Photo courtesy of Mark Barry
Photo courtesy of Mark Barry
It was a snowy Saturday morning in February—the kind that you’d want to spend snuggled up in bed. The short route from Penn Station to Legends 33—one of New York’s premier soccer bars—was serenely empty. But the bar was a perfect pandemonium. It was only half past seven, but nearly sixty of Manchester United’s New York-based fans, packed like sardines in the basement, were chanting with unabashed zeal. There was an intoxicating rhythm to the chants; the lyrics were both vulgar and amusing at once: “In the Liverpool slums, They knock on the door when they want something to eat, They find a dead rat and they think it's a treat,” supporters sang in reference to the massive unemployment that struck Liverpool inthe 1980s.
When Manchester United’s talismanic striker, Wayne Rooney gave the club the lead early in the second half, the bar sprung to life: fans were almost on top of each other in elation; beer bottles and glasses were seemingly flying everywhere; it was a joyful bedlam. In the middle of the pack, high-fiving and embracing everyone around him, was Mark Barry, 33, a short, muscularly built man with sharp features, closely cropped blond hair and light-green eyes. Barry was taken to his first Manchester United game when he was just four years old.
“It was the 1983 F.A. Cup final against Brighton at Wembley,” Barry said, recounting his first experience of watching Man United, with a glint in his eyes. “I have very vague recollections of the game. I remember being up on my cousin’s shoulders.”
A green card holder—thanks to his father who relocated to the U.S. to start a business in 1990—Barry had been a frequent visitor to the country before moving permanently in the beginning of 2006. Just two years before that, though, he was inthe Strangeways prison in Manchester, serving six months for a football violence offense.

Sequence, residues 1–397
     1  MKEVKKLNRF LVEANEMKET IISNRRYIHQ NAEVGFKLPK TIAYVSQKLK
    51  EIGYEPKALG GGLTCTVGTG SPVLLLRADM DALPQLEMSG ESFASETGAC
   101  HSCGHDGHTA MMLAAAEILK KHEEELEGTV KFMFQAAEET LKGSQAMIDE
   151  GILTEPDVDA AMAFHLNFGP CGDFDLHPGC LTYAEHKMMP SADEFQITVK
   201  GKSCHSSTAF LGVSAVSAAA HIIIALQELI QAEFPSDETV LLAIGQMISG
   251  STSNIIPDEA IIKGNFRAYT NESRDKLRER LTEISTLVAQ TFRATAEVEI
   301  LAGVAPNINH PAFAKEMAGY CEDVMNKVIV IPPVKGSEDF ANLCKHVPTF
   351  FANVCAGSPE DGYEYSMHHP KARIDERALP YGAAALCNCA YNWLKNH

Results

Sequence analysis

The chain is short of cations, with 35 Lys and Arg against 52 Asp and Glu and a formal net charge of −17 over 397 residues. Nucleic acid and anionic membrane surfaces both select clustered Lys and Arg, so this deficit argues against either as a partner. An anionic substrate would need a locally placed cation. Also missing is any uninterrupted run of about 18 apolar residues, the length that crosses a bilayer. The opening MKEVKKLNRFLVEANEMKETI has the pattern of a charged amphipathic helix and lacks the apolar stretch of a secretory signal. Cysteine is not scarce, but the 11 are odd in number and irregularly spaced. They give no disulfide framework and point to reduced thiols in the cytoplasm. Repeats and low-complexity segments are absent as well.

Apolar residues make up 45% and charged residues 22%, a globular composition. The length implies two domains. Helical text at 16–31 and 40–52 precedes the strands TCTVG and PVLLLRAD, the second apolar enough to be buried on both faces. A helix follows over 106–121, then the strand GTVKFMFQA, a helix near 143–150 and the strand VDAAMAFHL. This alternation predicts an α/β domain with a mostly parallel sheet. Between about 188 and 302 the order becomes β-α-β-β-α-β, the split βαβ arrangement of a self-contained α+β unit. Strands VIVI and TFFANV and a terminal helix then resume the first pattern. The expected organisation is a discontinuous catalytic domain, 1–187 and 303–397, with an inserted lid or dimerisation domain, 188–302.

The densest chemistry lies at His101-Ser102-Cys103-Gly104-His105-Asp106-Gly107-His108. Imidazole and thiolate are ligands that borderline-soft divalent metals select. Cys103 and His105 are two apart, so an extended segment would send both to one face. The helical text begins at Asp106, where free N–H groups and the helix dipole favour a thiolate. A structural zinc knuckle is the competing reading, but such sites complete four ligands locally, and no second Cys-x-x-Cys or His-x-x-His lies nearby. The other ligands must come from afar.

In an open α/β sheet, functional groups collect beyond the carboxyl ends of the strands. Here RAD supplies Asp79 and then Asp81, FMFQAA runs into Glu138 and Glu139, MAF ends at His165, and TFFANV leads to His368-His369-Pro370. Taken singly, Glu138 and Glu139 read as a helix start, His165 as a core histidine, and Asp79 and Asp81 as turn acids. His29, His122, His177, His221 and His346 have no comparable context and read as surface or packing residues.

Born in Limerick, Ireland, Barry comes from a family of rugby fans, but after his first experience at a soccer game, and subsequent visits to away fixtures at Vicarage Road in Watford, with his uncle who lived in St. Albans, his love for United was firmly entrenched. “Since then there’s been no looking back,” he said.
“The incident occurred in Elland Road [Leeds United’s home ground], in January 2004,” said Barry almost matter-of-factly. “At the end of the game they usually try and keep the away fans in, for a while, but about 200 or 300 of usrushed the turnstiles and went looking for trouble.”
Soon, Barry and the group were clashing with Leeds fans, who were at the top of an embankment, practically waiting for Manchester United's fans to come out of the stadium. It was violence for the sake of violence. There was little the police could do but watch and tape the incident. “This one guy came down the hill at me, and I was a boxer in high school,” Barry said. “I am a little guy, but I know how to handle myself, so this big lump of a fella comes and takes a swing at me, I get carried away, and I hit him, he goes down, and then I just start kicking him.
Hooliganism in soccer is almost as old as the sport itself. It’s a culture that pervaded England with venomous consequences, especially in the 70s to the early 90s, and continues to date. “I could have stayed out of it if I wanted,” said Barry. “But I was young, I was impressionable. I was drunk and coked up or whatever. There are drugs flying about. That’s the culture. With the away fans, especially, it’s a gang.”
When Barry was studying for his B.A. in English, Philosophy and Media, from the University of Dublin, he had a fixed routine on weekends. Every Friday night he would set off for England to watch Manchester United play. "I'd go home after class, take my clothes and go to the Dublin port to take the overnight slow-ferry to Holyhead, and would then take the train that would get into Manchester at 6 in the morning," he said. He would then hit the off-licenses, until the pubs opened and then go to the game, before returning to Ireland. For away games, he'd go to Wexford, take the ferry to Fishgarden and then a train to London. It was these away games which were most often the sourceof trouble.